Our research on background free imaging through selective magnetic modulation of nanodiamond fluorescence was showcased on the cover of the April edition of Biomedical Optics Express. Currently, in vivo fluorescence-based imaging is hindered by background noise, especially because of autofluorescence that naturally occurs in tissue. Existing optical imaging methods thus have limitations in visualizing deep into tissue or with low concentrations of imaging probes.
Fluorescent nanodiamonds (FNDs) are biocompatible nanoparticles which have great potential both as probes and drug delivery agents. A wide-field magnetic modulation imaging system to eliminate background noise in FND emissions was developed. Its effectiveness was demonstrated with two methods by imaging FNDs overpowered by "background" dye under a microscope and in sentinel lymph nodes in mice. The first simply subtracts images with or without a magnetic field and further averages the subtracted images. This method could be implemented to create a running average image updated in real time. The second method, which relies on phase sensitive lock-in detection, can be implemented for smaller magnetic fields and faster modulation rates.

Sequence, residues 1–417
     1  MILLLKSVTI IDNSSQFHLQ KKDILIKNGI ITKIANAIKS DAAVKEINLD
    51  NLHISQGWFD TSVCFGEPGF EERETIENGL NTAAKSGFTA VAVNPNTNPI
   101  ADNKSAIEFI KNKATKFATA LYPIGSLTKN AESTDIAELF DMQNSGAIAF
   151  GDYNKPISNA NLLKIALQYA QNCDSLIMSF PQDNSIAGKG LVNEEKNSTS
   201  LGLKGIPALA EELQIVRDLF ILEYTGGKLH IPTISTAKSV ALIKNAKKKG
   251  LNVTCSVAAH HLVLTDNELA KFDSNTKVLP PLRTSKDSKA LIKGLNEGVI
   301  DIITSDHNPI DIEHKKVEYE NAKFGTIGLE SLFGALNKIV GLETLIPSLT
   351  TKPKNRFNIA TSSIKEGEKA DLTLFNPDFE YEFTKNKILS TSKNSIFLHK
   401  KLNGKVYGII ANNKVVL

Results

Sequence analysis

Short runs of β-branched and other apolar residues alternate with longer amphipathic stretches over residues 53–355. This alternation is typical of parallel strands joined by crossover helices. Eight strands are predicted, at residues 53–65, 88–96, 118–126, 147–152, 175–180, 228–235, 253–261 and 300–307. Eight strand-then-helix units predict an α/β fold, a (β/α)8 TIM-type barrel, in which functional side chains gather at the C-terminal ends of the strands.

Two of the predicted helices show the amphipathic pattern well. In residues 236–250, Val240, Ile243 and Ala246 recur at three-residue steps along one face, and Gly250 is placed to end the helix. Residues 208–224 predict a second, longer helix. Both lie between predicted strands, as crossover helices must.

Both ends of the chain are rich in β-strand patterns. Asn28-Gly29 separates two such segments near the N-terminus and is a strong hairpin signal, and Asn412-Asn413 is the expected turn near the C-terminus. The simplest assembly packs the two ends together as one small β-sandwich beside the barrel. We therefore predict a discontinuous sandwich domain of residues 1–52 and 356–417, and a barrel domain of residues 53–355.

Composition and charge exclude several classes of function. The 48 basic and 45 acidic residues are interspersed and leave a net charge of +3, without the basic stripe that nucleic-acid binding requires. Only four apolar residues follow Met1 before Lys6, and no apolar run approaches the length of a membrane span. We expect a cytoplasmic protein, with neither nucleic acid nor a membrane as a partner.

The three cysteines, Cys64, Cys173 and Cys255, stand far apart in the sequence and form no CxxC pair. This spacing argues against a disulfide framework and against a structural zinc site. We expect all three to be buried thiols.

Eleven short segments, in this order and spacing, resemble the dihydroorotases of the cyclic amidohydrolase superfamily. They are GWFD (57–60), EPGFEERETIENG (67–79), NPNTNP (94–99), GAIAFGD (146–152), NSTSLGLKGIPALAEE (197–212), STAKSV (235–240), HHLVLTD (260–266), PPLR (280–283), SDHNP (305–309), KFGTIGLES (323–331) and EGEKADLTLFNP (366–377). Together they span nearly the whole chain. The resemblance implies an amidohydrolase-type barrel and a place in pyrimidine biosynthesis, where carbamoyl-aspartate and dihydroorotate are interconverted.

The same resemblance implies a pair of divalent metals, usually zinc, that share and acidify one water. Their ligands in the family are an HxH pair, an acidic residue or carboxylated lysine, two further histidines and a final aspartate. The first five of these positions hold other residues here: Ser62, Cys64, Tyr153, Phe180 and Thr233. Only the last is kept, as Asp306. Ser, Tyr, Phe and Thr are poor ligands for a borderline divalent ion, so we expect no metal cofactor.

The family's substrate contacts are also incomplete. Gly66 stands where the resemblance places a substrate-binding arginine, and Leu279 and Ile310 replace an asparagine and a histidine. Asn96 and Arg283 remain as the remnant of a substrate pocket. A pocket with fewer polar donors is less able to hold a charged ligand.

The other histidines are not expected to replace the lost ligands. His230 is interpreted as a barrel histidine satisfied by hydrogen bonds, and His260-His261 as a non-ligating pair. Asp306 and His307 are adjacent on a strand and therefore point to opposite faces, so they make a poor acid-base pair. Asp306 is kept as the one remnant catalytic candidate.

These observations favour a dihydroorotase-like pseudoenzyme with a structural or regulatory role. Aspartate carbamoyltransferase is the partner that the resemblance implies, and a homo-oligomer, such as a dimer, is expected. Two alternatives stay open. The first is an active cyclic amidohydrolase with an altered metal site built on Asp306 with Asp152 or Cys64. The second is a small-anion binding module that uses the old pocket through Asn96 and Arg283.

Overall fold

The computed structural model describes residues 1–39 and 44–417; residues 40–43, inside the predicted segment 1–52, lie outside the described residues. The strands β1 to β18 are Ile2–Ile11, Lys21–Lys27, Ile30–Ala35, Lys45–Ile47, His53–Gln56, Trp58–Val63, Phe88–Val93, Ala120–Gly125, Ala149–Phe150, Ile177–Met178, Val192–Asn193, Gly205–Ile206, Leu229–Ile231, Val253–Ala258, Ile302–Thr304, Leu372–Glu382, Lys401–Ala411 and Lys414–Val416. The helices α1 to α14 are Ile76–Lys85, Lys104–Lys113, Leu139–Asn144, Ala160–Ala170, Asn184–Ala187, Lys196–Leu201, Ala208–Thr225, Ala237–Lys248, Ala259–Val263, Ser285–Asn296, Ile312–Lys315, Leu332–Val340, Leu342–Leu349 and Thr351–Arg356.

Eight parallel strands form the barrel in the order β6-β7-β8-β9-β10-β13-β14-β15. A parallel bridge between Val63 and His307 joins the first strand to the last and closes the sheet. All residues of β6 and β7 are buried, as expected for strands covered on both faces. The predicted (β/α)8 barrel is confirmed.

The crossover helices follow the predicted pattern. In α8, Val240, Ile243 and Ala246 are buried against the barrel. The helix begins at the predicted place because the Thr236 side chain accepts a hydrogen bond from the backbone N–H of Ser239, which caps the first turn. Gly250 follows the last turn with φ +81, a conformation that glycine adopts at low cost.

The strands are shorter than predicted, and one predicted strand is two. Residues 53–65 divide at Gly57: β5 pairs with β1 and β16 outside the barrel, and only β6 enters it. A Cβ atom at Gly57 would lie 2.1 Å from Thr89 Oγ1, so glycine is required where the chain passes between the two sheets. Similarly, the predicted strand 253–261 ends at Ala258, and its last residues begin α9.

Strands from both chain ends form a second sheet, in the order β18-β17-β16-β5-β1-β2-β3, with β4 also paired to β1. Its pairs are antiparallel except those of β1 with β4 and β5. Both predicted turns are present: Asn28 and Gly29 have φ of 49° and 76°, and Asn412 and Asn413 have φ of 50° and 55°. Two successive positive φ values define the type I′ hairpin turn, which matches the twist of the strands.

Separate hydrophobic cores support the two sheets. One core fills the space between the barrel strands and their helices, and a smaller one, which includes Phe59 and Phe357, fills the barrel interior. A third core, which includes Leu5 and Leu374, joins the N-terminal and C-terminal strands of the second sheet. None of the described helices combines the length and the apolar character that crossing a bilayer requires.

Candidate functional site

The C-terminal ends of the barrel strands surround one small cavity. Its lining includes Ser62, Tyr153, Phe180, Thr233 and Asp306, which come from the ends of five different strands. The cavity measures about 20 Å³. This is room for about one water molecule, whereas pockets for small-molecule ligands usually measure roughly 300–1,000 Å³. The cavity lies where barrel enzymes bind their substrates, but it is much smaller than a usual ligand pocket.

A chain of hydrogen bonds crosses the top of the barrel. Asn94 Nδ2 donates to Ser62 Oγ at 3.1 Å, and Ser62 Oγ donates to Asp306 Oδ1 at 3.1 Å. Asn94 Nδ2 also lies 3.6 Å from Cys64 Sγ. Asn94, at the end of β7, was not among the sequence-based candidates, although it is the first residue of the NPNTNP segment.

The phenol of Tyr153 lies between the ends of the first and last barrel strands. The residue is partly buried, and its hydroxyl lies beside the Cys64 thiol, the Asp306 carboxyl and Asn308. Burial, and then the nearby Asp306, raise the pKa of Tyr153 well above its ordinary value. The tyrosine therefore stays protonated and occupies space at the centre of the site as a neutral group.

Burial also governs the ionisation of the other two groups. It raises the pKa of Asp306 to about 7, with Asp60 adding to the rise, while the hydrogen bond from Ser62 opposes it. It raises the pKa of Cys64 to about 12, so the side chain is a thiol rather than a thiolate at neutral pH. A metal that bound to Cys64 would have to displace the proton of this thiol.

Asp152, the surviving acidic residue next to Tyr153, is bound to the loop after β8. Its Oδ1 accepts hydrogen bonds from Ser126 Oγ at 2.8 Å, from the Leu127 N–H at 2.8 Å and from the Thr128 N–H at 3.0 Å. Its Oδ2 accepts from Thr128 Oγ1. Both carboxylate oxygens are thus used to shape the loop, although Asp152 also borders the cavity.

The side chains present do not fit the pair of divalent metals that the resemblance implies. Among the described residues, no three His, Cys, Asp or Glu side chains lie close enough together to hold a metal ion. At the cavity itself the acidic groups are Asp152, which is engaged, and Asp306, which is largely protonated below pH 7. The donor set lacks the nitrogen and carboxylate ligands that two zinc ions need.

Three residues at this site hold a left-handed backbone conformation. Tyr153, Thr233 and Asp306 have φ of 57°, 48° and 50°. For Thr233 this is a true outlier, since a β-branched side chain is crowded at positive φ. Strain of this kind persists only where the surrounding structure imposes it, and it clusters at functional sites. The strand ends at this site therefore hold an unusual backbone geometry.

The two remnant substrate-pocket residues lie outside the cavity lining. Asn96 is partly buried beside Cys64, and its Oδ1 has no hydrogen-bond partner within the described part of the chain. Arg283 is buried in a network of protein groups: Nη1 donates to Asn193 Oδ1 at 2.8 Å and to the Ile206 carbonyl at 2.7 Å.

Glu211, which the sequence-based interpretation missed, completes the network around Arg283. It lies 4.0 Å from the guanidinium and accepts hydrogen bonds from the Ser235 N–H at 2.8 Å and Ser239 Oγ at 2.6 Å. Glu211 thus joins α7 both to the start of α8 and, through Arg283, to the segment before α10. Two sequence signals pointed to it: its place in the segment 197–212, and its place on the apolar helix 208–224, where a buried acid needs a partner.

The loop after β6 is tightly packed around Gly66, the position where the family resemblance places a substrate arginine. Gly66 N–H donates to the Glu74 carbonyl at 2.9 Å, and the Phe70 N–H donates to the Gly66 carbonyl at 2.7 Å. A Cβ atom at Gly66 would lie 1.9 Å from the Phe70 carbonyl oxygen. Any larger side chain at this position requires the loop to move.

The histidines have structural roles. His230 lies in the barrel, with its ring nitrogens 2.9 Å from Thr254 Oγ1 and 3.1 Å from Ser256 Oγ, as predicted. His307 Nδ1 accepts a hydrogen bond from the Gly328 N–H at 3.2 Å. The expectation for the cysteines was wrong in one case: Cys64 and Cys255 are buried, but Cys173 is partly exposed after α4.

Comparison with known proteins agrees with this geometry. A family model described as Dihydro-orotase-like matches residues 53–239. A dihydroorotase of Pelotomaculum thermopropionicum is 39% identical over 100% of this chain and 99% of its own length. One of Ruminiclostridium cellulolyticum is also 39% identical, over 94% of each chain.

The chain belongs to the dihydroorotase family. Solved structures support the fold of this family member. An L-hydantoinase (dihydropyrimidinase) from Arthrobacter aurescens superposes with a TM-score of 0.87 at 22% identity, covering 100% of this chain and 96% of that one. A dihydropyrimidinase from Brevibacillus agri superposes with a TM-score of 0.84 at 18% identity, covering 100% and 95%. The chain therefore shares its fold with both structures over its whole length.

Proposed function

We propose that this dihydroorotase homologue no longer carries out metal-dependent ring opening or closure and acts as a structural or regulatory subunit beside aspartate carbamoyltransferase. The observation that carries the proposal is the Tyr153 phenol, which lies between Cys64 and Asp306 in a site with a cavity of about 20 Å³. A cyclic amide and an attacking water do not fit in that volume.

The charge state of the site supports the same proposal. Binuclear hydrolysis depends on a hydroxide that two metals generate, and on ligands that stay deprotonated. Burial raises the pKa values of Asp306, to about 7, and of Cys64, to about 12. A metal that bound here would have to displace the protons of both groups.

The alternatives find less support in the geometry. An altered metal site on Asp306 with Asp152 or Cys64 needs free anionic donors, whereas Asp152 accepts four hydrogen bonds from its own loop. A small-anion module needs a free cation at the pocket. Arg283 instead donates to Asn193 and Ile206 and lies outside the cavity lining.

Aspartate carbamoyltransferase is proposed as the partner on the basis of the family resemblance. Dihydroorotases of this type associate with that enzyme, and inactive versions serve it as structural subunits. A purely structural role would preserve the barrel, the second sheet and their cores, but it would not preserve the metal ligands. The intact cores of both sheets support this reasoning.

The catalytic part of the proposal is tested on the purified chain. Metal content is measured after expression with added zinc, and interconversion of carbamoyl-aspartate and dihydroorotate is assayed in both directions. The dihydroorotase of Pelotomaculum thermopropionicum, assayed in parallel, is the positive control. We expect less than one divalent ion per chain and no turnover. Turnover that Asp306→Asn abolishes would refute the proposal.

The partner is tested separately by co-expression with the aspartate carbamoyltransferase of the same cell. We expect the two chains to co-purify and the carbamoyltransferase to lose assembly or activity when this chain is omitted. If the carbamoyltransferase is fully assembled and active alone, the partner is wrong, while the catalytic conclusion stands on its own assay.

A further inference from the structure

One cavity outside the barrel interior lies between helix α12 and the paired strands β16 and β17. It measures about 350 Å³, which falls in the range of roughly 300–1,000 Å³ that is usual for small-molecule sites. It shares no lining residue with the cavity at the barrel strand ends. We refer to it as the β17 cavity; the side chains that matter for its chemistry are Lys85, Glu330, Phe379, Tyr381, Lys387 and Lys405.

The closest lymph nodes to the tumor, sentinel nodes, are often a crucial indicator of the stage of cancer in the body. Using fluorescence imaging to detect sentinel lymph nodes is highly desired, but the technique suffers from background noise. After injecting FNDs into the foot pads of mice, images were taken to identify particles that drained to sentinel lymph nodes. Through magnetic modulation methods, lymph nodes were identified that were otherwise not visible with the conventional techniques of spectral unmixing. Magnetic modulation fluorescence imaging with nanodiamonds has demonstrated the potential to promote a more proactive and accurate diagnosis and prognosis of cancers.
Eliminating background noise is crucial to improving the efficacy and versatility of fluorescence imaging. By substantially increasing background rejection, the technique above not only improves existing FND based measurements but also has the potential to increase the tissue depth through which FNDs can be used in vivo, thus opening up new opportunities for this type of imaging.